Since the genre of remaking older, or even current, great Hollywood movies does not appear to be dying the least it can do is get it right. It did not seem possible, but director George Miller’s remake of his own post-apocalyptic film “Mad Max” is actually better than the original. Visually, the movie is a piece of brilliant modern art.
“Mad Max: Fury Road” is the first big summer movie released for 2015, and it delivers the ultimate guy’s movie experience: Noise, explosions, senseless violence, guns, drummers on the back of a car, a guy blaring an electric guitar on the front of the same car, smokin’ hot girls, minimal dialogue, cars straight a muscle car show, and a story line a chimp could follow.
It is the ultimate date movie.
In an obvious attempt to get my name on a ‘Mad Max: Fury Road’ commercial with one of those glowing reviews, here goes ... “The Big Mac Blog says ‘Mad Max: Fury Road’ is an instant classic! Ten stars!”
Never miss a local story.
The story: Max (Tomas Hardy) is an ex-cop (I think) who has been imprisoned in this hellish environment where natural resources such as water, oil, and bullets are scarce. The leader is the weirdo old dude who wears a skull mask, treats his people like prisoner peasants, and turns hot women into baby makers. Furiosa (Charlize Theron) is an enlisted soldier turned rebel, who goes rogue and tries to free five hot girls.
When the evil leader sees that Furiosa has broken free in one of his trucks, all hell breaks loose and the movie morphs into a dramatic series of chase scenes played out on the Australian desert. Max breaks free of his shackles, and teams up with Theron to escape, and then dethrone the weirdo leader.
Fight scenes: This is what you paid for, and Miller delivers multiple car chase scenes that seemingly top the next. Once they start, they don’t stop. The action sequences are so well choreographed, filmed and exciting that this is where the remake separates itself from the original. Miller uses the stark, limitless backdrop of the desert as a canvas that allows the action scenes to pop on screen.
Some of the scenes are brutal, but that is the idea - in this world, everyone is numb to violence, and ugly.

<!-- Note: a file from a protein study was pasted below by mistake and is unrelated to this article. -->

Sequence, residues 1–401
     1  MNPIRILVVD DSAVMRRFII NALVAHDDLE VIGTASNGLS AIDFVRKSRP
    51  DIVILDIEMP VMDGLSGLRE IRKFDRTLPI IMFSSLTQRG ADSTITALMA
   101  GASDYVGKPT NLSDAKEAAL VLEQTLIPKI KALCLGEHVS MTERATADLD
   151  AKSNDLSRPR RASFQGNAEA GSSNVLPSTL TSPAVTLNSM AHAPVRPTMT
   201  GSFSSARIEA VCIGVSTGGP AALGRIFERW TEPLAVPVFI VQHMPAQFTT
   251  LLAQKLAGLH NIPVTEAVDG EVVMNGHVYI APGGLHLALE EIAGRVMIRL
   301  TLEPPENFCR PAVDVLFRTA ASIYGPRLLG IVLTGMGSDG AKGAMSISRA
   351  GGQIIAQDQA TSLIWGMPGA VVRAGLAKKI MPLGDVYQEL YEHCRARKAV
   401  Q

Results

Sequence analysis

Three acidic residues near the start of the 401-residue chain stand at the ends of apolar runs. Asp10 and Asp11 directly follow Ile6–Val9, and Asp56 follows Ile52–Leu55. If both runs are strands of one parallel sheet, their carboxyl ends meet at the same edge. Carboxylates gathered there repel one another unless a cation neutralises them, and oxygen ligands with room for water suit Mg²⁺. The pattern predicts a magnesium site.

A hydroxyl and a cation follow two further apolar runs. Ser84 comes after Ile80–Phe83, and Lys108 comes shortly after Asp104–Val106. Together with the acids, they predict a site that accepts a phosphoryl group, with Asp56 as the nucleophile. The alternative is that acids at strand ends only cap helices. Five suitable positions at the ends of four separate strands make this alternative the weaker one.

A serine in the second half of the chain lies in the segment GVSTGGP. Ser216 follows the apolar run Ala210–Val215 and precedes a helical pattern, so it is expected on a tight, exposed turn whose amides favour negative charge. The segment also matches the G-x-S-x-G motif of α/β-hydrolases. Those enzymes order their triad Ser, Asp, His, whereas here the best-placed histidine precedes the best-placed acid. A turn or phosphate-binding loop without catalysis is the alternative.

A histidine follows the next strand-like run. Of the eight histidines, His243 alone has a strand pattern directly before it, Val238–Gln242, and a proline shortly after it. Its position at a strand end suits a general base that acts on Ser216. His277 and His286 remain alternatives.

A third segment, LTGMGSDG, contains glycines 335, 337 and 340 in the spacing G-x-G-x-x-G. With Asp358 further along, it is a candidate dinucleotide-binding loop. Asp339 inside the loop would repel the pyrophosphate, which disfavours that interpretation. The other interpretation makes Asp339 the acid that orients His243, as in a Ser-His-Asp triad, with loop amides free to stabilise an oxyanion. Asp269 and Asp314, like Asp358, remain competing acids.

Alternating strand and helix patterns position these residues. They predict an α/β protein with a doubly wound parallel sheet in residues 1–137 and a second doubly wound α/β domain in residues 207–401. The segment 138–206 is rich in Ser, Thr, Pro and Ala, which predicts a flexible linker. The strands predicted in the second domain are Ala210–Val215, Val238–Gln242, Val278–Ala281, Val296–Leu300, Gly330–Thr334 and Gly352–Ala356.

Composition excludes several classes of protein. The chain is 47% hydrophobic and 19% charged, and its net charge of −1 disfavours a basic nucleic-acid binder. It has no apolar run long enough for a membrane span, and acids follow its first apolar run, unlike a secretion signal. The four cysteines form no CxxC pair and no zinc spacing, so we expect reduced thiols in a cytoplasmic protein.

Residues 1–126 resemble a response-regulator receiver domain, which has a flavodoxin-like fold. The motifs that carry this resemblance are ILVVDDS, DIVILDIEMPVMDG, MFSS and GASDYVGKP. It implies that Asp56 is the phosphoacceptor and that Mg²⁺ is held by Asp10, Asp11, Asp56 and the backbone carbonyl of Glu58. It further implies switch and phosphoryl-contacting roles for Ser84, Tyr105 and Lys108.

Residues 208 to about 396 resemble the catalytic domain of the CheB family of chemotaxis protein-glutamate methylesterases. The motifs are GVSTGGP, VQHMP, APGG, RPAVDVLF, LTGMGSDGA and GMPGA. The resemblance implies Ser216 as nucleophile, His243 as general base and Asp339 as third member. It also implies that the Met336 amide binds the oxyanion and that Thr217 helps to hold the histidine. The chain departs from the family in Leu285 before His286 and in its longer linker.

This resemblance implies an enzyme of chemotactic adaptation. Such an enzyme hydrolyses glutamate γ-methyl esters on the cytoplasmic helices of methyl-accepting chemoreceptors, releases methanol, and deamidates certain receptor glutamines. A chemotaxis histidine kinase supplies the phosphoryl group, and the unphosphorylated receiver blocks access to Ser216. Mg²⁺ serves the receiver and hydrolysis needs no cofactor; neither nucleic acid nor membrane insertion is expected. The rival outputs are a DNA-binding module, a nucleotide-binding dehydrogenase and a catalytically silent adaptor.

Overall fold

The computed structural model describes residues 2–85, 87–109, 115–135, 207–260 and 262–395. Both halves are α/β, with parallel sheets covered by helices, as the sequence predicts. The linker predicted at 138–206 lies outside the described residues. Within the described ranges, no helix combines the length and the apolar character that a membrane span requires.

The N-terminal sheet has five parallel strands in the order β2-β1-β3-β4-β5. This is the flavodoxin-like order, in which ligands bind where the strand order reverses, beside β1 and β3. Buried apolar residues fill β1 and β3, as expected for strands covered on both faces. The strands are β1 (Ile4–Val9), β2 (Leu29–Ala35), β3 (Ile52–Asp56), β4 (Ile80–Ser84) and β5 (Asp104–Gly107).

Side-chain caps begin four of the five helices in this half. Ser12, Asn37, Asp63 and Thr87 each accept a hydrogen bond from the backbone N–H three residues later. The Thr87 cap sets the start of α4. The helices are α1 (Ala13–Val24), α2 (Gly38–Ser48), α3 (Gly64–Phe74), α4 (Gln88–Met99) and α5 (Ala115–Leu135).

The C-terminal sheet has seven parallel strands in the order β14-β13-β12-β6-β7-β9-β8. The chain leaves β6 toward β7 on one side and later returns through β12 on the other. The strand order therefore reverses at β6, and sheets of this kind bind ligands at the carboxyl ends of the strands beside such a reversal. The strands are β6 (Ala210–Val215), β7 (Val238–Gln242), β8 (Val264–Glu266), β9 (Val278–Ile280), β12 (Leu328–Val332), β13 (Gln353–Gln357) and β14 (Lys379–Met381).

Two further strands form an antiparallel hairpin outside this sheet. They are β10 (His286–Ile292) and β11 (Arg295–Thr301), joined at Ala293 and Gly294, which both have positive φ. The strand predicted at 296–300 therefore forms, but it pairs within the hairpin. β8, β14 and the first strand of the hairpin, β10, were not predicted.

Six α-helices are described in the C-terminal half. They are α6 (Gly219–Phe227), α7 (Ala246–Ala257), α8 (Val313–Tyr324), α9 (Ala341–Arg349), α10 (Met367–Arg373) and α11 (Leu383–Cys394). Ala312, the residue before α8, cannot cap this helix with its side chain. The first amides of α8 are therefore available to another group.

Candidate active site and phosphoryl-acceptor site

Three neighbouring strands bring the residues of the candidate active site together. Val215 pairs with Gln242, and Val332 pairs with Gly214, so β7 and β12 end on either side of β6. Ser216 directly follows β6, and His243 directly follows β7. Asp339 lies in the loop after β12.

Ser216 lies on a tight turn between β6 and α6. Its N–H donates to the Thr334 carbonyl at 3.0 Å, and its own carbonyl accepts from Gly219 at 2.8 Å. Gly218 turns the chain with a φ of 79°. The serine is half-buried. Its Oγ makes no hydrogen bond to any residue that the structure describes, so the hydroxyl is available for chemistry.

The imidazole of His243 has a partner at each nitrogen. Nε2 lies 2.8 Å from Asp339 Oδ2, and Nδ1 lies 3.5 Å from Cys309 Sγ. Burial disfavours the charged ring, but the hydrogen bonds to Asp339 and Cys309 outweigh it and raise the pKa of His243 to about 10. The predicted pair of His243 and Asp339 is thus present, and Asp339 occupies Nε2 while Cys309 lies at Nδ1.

Eye candy: Charlize Theron once again goes out of her way to show that a South African professional model is just as ugly as the rest of us. She has a crew cut, and is still beautiful. It is convenient the cast of women that Theron is saving all appear to be super models, too. Rosie Huntington-Whiteley is part of her crew, as are Riley Keough, Abbey Lee and Courtney Eaton. Look ‘em up.
Hardy is just about as good looking as the original Max - Mel Gibson - and equally quiet, and necessarily menacing.
Hidden Message: In an effort to keep all girls as sex symbols, Hollywood normally drops the ball when turning women into action stars. Even if the woman can shoot lasers from her eyes, and turn her opponents into dog mush with her thoughts, the primary function of a Hollywood female are boobs and butts, no matter the genre of the film.
In “Mad Max: Fury Road”, Theron is Hollywood’s best tough-girl since Sigourney Weaver’s run as Ripley in the Aliens movies. Theron actually adopts Ripley’s haircut from the third movie in that series. Theron’s character is missing part of her arm, and is as tough as Max Rockatansky. Theron is completely convincing as a rebel soldier.
Holes: Start with a post-apocalyptic world that still offers cool cars and the refined oil necessary to get them running. And no mechanic in sight.
Should you see it: Today.
Mac Engel, 817-390-7760